Iran Human Rights (IHR); November 22, 2019: Security forces have arrested at least two thousands of protesters and civil activists in the recent days in Iran. They are in danger of torture, forced confessions and several can be sentenced to death.
Given the Islamic Republic’s dark history of torture and mass executions, Iran Human Rights (IHR) urges the UN and the Red Cross to send a special team, including human rights expert, to visit Iranian prisons and detention centers.
IHR’s Director, Mahmood Amiry-Moghaddam, said: “Detainees are in grave danger of torture to extract false confessions. We also worried about issuing death sentences for some of the protesters. Today, Iranian people need the international community’s attention, more than ever.”
Less than a week ago, mass popular protests started in Iran. In the beginning, it was a protest against the government's decision to hike the petrol price in the oil-rich country. However, it quickly turned into a protest against the Islamic Republic establishment and the ruling class. In six days, more than 100 protesters are shot dead, thousands wounded and more than two thousand got arrested. Moreover, security forces arrested several known civil activists, students and political activists by raiding their homes.
Even the Islamic Republic’s News agencies confirm the arrest of more than a thousand people. The detainees are held in unknown places, and their families are not informed about their whereabouts. Moreover, there has been a total internet blackout imposed by the authorities making information flow very difficult.
Activists Soha Mortezaei, Sepideh Gholian, Ali Nanevaei, Yashar Darolshafaei, Melika Gharagozlu and Kamyar Zoghi, are among the detainees.
“Most of the detainees could not call their families. Their relatives have tried to find out where they are held. They even do not know their beloved ones are dead or alive,” a well-informed source told IHR.
At the same time, Iranian officials threatened the protesters to execution. The Supreme Leader’s representative at Kayhan Newspaper, Hossein Shariatmadari, wrote last Monday: “some of the judiciary officials are sure that the execution by hanging awaits the leaders of the protests.”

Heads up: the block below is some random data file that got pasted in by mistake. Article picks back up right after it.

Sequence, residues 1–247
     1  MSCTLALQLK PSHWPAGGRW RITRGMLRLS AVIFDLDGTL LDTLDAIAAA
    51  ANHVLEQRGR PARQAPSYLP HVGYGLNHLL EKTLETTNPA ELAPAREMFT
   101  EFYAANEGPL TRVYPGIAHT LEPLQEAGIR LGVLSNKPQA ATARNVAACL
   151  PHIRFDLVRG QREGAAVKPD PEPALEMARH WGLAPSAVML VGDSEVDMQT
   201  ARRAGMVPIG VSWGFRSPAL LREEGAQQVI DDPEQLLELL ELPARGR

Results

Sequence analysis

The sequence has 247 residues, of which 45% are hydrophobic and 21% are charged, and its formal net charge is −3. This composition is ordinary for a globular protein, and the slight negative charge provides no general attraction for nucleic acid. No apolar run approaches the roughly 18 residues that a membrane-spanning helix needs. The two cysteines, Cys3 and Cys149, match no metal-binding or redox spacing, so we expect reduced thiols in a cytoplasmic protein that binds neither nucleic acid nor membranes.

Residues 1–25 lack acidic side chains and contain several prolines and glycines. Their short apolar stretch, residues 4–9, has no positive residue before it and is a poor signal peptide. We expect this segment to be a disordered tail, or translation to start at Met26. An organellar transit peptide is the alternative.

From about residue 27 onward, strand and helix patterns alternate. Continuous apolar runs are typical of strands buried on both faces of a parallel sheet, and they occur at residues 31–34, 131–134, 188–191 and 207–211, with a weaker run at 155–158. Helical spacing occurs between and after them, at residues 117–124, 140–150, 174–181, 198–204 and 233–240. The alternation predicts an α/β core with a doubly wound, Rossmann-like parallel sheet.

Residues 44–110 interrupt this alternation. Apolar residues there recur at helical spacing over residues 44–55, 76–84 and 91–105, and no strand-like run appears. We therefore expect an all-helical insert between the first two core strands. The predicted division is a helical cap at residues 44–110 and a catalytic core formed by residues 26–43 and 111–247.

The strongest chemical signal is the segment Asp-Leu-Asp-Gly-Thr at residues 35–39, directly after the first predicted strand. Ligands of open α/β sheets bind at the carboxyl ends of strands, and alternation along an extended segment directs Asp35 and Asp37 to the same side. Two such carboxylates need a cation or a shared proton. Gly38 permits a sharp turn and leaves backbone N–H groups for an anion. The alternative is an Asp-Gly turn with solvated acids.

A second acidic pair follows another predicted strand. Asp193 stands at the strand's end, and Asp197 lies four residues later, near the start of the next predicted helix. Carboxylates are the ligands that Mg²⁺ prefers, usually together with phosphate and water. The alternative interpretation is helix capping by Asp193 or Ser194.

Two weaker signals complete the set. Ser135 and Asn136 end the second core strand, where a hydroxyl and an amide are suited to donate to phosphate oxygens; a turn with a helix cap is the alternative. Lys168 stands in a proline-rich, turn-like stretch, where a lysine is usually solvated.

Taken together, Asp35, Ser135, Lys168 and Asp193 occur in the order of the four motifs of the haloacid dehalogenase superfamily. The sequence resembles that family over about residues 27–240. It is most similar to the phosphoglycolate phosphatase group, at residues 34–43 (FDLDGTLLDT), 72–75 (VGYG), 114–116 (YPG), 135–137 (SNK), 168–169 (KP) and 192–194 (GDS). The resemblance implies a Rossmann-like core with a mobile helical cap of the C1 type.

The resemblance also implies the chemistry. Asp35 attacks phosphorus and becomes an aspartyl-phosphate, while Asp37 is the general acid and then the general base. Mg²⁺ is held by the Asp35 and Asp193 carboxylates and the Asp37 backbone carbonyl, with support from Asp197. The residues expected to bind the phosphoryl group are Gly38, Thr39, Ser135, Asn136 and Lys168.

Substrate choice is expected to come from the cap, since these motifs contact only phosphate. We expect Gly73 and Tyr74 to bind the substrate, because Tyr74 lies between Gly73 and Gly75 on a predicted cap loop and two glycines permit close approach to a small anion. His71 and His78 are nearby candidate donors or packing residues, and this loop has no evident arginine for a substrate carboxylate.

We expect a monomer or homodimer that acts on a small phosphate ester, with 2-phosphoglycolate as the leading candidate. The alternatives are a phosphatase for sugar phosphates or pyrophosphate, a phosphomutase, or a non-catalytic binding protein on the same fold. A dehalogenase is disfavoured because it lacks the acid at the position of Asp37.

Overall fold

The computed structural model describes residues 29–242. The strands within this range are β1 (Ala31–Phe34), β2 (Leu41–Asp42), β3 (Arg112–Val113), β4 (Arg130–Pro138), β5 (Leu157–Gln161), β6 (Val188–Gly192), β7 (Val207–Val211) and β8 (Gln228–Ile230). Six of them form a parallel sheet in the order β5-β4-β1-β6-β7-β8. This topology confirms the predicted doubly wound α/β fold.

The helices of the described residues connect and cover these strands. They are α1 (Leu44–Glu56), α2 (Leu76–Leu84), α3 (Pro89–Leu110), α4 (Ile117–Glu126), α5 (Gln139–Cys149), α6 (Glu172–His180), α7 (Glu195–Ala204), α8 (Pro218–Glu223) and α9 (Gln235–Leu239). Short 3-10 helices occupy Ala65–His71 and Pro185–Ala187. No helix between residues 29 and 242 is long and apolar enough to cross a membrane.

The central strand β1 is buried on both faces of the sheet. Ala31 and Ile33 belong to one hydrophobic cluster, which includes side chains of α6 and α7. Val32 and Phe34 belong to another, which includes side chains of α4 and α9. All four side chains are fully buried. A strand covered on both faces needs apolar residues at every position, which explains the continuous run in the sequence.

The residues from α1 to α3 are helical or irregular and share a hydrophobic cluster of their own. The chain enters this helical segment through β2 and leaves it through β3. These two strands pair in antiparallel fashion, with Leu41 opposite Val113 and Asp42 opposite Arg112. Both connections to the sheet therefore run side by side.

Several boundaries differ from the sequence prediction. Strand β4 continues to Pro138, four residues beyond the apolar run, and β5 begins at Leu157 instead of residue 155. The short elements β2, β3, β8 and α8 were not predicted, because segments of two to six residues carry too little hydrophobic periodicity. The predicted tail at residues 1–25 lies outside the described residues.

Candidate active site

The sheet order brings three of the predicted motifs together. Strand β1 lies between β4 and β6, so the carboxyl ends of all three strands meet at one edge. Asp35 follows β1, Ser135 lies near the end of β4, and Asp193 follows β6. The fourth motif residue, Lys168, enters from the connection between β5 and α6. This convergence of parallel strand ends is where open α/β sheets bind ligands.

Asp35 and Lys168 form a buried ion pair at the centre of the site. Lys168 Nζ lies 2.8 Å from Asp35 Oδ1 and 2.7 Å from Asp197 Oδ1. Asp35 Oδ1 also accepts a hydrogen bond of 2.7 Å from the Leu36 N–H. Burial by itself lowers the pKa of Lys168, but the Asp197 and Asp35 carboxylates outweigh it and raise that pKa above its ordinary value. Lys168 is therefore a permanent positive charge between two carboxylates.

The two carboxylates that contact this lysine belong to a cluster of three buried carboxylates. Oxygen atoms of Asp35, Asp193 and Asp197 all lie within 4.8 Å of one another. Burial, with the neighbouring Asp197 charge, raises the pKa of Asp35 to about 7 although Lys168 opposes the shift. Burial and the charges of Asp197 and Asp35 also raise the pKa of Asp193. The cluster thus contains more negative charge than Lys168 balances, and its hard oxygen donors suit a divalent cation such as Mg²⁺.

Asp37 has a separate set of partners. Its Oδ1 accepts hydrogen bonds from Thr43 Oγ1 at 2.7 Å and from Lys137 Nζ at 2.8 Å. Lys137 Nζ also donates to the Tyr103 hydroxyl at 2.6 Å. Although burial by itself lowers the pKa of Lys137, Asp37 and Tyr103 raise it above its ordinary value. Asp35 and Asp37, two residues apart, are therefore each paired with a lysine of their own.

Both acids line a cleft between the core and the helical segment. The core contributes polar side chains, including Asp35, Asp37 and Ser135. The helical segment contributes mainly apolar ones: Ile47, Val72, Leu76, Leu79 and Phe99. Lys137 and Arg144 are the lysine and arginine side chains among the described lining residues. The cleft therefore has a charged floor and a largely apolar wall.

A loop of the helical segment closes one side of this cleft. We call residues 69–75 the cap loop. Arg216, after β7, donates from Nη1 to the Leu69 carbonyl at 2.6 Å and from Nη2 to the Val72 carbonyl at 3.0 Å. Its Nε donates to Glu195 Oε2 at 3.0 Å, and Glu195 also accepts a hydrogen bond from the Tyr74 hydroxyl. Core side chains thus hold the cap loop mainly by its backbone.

The Supreme Leader’s deputy representative at IRGC, Hassan Tayebifar, asked the judiciary to issue the toughest verdict for the protesters. Toughest verdict in the Iranian Islamic Penal Code is the death penalty.
Fars Province chief prosecutor threatened the protesters in the same way. In Shiraz, the capital of Fars province, “at least 200 people were sent to quarantine ward in Adel Abad prison. Four of them are wounded. At least one is shot,” a source from Adel Abad prison told IHR. According to the source, Seyed Reza Taheri is the name of the wounded person. He suffers from pain and is in danger of infection.
In the southern Iranian province of Khuzestan, several people have been killed, hundreds are arrested. The condition is more or less the same in many other Iranian provinces, including Alborz, Kurdistan, West and East Azerbaijan.
While the Iranian government has blocked the ordinary people’s access to the internet, the few photos and videos received from Iran give a hint at the brutal crackdown by the authorities.
Iran Human Rights (IHR) condemns internet blackout and violent crackdown of protesters by the Iranian authorities and calls on the international community to react immediately.
On the third day of the protests, IHR director Mahmood Amiry-Moghaddam said, “Total internet blackout might indicate the Iranian authorities’ plans to use even more violence against the protesters. We urge the international community, especially the EU, to use all their leverage to put pressure on the Iranian government to stop the violent crackdown.”